Personally, I'd like to see Indonesia's putative and scandalously extravagant new parliamentary office building being constructed as a Gothic pastiche and filled with pointed arches and flying buttresses. Such a design would more fittingly reflect the mediaeval, Machiavellian mindset of those who will be ensconced inside it, enjoying a grease-down and a shiatsu whilst they scan the year's budget allocations to see what can be craftily diverted into their Citibank accounts. Gothic Jakarta, now that really would be infrastructure to be proud of.

Tuesday, April 12, 2011

Go Wild in the Country

Last weekend, it was time for your intrepid hero to make another foray into Indonesia's bucolic boondocks with my obsessive-compulsive mountain climbing chum, Mr. Dan, and a few other curious takers fooled into parting with their hard earned cash by the slick graphics of Mr. Dan's Gunung Bagging website.

Mr. Dan, in the flesh, has been known to exude the authority of a seasoned and knowledgeable hiker. On one occasion however, whilst leading a small group of keen and crisply booted, fresh-faced walkers on an early start through the Highlands of Bandung, Mr. Dan had felt a little worse for wear after a taxing night scaling Gunung Bintang and had ended up projectile chundering onto the road in front of his hiking disciples just before the off. This may have taken some of the lustre off the good Mr. Dan’s professional standing in the fiercely competitive world of amateur hiking, however it will take more than a mound of early-morning ale spew to put me off, and I soon found myself taking in the fresh air and outboard motor petrol fumes with Mr. Dan and the gang as our speedboat skimmed its way from Carita Beach on Java's west coast to the island of Panaintan, which sits next to the Ujung Kulon national park on Java southwestern tip.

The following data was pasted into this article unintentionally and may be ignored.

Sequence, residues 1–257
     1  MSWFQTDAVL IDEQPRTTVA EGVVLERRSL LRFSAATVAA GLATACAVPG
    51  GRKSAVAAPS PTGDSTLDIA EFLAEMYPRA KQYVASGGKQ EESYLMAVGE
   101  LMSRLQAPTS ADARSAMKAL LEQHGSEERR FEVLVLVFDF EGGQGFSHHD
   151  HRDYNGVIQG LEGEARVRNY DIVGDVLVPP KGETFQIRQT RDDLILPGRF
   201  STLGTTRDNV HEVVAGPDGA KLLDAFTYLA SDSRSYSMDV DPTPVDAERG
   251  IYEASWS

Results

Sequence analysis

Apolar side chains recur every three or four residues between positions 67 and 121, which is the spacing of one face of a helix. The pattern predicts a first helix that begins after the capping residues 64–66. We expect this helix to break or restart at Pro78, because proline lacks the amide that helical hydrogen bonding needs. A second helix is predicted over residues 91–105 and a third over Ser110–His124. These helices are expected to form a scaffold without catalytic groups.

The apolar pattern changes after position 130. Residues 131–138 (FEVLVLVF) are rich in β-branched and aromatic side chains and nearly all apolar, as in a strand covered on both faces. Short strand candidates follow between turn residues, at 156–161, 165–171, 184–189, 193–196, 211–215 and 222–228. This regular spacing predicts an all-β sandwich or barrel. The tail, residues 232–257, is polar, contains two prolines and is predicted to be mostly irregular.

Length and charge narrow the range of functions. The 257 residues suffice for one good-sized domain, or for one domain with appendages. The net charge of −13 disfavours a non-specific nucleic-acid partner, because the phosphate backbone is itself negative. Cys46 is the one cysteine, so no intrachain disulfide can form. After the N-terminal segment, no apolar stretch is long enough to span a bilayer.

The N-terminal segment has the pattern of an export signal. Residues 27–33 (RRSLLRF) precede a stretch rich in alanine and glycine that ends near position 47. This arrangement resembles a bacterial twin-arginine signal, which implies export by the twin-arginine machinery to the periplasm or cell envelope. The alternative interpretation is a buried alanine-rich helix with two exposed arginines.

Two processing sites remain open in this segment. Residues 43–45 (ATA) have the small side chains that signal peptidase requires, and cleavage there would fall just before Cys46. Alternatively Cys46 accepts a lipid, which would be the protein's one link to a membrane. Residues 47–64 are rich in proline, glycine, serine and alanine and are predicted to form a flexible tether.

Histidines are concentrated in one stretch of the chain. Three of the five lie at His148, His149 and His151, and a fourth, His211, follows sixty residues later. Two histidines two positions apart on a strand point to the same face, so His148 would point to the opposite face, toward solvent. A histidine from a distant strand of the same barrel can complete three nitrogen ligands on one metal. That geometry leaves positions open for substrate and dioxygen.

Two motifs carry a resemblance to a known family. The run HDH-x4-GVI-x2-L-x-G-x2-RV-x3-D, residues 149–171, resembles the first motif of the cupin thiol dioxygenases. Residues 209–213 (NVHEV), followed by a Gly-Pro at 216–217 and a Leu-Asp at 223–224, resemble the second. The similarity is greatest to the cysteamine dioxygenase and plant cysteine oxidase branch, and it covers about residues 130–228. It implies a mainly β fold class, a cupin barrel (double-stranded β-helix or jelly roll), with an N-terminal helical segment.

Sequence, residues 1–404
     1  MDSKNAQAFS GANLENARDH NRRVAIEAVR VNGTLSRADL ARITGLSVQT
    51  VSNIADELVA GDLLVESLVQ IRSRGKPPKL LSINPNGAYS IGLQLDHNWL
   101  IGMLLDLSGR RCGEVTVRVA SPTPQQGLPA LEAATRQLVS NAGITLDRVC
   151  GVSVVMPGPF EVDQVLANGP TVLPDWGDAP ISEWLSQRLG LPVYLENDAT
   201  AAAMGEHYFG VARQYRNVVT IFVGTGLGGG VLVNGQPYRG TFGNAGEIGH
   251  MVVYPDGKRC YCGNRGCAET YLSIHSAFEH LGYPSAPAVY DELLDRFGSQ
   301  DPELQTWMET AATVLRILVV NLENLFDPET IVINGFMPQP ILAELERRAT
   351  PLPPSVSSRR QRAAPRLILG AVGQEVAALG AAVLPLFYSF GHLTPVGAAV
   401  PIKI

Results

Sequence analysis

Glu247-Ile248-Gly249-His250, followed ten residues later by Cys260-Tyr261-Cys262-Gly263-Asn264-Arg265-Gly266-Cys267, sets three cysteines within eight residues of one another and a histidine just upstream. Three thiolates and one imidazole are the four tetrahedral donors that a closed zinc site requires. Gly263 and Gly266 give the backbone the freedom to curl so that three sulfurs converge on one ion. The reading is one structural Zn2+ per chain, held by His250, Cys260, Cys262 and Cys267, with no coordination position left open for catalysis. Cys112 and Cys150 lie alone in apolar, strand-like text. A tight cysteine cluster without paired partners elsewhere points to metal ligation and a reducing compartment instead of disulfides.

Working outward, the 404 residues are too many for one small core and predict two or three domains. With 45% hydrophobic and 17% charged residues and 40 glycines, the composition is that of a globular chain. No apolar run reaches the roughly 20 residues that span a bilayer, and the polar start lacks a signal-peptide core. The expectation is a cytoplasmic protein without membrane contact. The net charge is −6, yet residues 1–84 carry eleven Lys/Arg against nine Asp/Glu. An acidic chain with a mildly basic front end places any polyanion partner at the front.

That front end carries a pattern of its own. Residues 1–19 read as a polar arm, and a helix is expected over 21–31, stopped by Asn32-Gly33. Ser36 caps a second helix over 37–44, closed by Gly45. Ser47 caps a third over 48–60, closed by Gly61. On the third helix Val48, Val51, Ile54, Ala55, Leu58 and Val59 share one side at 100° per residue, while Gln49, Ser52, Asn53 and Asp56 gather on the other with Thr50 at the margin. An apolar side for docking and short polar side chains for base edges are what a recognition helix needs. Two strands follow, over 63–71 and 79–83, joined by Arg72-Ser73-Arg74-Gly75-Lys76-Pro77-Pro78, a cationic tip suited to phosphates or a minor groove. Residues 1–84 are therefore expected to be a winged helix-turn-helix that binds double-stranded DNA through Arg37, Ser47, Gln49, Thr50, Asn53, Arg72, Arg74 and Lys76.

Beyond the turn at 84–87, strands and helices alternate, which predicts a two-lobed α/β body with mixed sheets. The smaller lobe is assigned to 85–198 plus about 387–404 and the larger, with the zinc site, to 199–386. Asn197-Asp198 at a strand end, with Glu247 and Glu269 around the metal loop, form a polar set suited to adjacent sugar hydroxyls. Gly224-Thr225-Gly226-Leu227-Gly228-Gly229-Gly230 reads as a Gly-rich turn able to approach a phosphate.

I do like to indulge in the occasional return to nature in order to remind myself of my own mortality. Such near terminally exhausting trips are always memorable and interesting, although 'fun' perhaps wouldn't be the right adjective to use. Alas though, I can't accompany that irrepressible bounder of adventure Mr. Dan quite as often as I’d like to, as sitting on my fat arse watching DVDs and eating chocolate makes a lot of pressing demands on my time you understand.